Technology. Innovation. Automation. Computerization. Futurization. Artificial intelligence. Droids. And now, the People’s Choice Award: robot process automation.
Whatever you call this machinery, it’s been killing careers—from computer support specialists to cashiers—for a while.
AI has been building for years, but this time it’s different. Since the onset of COVID-19, AI has accelerated and transformed offices at an incredible rate. To face growing demands, closed offices, and tight budgets COVID-19 has led some companies to turn to robots. For other companies, the pandemic provides an excuse to implement AI strategies in the works for a while.
It’s predicted that robots will replace half of all American jobs in a decade.
Robots Climb the Corporate Ladder
According to Oxford Economic, industrial robots have doubled in the past two decades. They’re getting cheaper, more efficient, and more attractive to employers with budgets. The AI industry is estimated to grow over $190 billion by 2025, whereas back in 2018 it was a mere $21.46 billion, according to studies.
But wait, there’s more.
Robots are coming for more sophisticated jobs, like coding, finance, and accounting.
In fact, the idea that less-educated and lower-wage professionals may be more exposed to AI isn’t true. White-collar professionals (those with bachelor’s degrees) and production workers are the most likely to be exposed to AI.
Researchers, including those at Cambridge University, developed A.I. that can write code all by itself called Deep Coder. While the tool doesn’t ensure error-free code, it’s a lot faster than a human developer. Andrej Karpathy published a blog post arguing that in the near future, human developers won’t be needed anymore.
The Economist wrote an article outlining the quick rise of robots in the finance field. No one cares when Siri predicts the weather incorrectly (besides us Minnesotans, deciding whether or not to wear snow pants). On the other hand, predicting finance incorrectly brings higher stakes: impacting c-suite decisions, wealth redistribution, and the economy.
Curious about your particular job? Check out NPR’s Planet Money informative, definitive, and horrific guide to see how likely your job is to be replaced by robots. Or you could just watch The Matrix and fuel your anxieties about the future while being entertained.
What Can’t Robots Do?
If all this sounds too much like a plot of a Black Mirror episode, remember: robots may be right at home in the world of algorithms and jeopardy, but when they enter the nuanced world of human communication: they’re totally lost. In fact, their understanding of humor is so behind ours, it’s a punchline in itself.
Picture this. You ask Siri “What is Mario’s name in Mario Kart?” (we know, you’re asking for a friend). She stumbles on your request, “Marie’s last name is Kondo.”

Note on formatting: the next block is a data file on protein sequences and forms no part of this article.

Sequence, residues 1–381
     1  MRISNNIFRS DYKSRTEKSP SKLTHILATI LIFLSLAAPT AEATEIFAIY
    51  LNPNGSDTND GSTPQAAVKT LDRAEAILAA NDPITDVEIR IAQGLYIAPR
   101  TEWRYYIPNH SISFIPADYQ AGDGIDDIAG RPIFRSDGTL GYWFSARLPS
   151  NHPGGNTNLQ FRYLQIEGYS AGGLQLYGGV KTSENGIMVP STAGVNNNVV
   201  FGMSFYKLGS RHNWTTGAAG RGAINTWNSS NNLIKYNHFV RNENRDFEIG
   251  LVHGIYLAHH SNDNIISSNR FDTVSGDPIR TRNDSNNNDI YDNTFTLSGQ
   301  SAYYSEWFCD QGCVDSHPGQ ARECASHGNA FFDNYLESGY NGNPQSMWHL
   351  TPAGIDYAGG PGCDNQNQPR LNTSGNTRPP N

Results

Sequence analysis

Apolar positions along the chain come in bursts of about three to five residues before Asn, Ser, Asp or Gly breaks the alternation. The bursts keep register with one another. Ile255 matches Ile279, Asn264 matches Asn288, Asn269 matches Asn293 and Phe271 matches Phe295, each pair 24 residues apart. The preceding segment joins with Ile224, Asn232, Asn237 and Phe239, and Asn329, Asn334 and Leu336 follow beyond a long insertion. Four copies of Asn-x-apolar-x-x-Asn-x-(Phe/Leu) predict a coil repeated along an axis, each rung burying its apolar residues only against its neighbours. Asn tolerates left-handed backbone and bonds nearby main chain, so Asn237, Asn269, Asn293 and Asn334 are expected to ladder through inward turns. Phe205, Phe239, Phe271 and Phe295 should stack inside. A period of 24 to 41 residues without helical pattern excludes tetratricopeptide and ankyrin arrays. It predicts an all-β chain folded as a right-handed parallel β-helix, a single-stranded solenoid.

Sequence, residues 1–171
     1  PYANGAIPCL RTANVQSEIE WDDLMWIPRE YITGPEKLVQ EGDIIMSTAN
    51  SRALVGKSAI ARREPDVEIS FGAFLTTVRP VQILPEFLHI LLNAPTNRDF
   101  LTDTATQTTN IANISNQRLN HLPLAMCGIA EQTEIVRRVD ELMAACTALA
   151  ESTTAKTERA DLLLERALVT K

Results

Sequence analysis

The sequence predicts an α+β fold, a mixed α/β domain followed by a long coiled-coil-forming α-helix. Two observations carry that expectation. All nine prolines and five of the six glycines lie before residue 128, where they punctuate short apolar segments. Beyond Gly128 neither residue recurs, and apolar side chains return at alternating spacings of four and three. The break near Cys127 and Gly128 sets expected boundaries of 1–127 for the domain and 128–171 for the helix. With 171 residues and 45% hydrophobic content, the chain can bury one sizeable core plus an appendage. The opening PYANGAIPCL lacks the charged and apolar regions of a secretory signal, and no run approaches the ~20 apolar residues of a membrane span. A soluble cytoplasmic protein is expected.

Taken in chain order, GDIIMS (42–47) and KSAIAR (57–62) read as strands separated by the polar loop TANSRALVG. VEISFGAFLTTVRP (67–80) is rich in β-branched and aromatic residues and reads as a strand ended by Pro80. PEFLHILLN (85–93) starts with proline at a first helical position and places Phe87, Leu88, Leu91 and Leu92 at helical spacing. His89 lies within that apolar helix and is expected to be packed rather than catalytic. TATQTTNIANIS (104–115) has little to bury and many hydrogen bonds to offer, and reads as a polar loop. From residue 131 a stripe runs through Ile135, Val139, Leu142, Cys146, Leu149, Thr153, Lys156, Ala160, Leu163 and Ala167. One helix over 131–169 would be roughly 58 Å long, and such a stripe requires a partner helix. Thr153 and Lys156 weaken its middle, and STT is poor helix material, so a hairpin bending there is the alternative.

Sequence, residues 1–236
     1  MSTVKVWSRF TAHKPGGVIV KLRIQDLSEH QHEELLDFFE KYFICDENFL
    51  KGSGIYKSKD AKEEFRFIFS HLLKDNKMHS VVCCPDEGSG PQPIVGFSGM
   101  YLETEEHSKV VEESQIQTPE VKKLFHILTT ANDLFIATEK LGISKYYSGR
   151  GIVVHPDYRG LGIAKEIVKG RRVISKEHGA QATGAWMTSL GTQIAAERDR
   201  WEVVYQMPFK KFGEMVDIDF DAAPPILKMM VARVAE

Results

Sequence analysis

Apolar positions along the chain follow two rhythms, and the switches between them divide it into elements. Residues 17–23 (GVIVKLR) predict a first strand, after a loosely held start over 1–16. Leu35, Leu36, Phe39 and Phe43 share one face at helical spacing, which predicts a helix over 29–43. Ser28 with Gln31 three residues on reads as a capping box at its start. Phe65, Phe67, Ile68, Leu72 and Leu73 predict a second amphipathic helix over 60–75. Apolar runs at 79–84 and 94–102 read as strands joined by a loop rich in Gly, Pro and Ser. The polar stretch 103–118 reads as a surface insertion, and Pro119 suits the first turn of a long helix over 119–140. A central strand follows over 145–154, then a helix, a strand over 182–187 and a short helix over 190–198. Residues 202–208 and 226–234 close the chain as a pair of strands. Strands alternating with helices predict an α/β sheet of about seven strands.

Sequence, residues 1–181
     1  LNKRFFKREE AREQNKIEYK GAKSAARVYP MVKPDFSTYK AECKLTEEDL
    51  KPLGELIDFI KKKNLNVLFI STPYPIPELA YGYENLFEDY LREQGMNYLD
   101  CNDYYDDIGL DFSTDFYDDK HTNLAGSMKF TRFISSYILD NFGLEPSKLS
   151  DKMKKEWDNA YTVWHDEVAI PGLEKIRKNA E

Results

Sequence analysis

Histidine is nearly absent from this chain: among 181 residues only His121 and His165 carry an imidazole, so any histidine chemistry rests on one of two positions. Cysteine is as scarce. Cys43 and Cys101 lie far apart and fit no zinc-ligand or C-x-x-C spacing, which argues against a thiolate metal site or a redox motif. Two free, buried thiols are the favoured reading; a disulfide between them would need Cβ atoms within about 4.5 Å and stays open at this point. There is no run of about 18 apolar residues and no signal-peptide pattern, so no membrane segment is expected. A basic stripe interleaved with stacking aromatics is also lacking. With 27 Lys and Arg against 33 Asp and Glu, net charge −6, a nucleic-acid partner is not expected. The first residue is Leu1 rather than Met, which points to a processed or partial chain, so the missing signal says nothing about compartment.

You grumble out loud, “Siri, you’re a genius” and she earnestly and brightly responds “Aw, thanks.” You laugh with your friends (just kidding, those were echoes) because you’re funny, and because Siri is not.
Your displeasure was expressed through a tonal delivery of a compliment. The fact Siri can’t pick up on your inflection is a microcosm of a comforting fact about robots: they’re not funny, and they’re not human.
Will we ever have sarcastic or funny robots like the cheeky, sexy robot in Her or the cute, sassy R2-D2 in Star Wars? Probably not. Humor, particularly satire, is extremely complex (check out our TechCenter Video to see what we mean). In order to program or “teach” a robot something, humans have to understand the topic itself, and when it comes to humor, we’ve barely scratched the surface.
All that to say, your Siri isn’t going to become sassy, sentient, or employed anytime soon because she can’t replicate you.
How Do I Survive a Robot Takeover in 2021?
If you ask Siri to set your morning alarm and she responds, “I’m sorry, I’m afraid I can’t do that” RUN. It’s too late.
To fortify yourself against robot competitors in the tech job market, a STEM degree or career is a great place to start. You should also sharpen your soft skills, like presenting and mediating, and maybe try stand-up (yeah, you’re right, maybe not).
It’s not likely robots will take over your job anytime soon, but it is much more likely you’ll be working alongside robots while they do the boring parts of your job, like data management and simple coding. Learning to live and work productively with these automated coworkers is more important than finding a new career that’s “robot-proof.” As Deloitte explains it, the future of the tech industry is a hybrid of robots and humans, creating “super job” teams combining human intelligence and robot capabilities to boost productivity.
If you can’t beat them, join them.
Tech Infinity and Beyond
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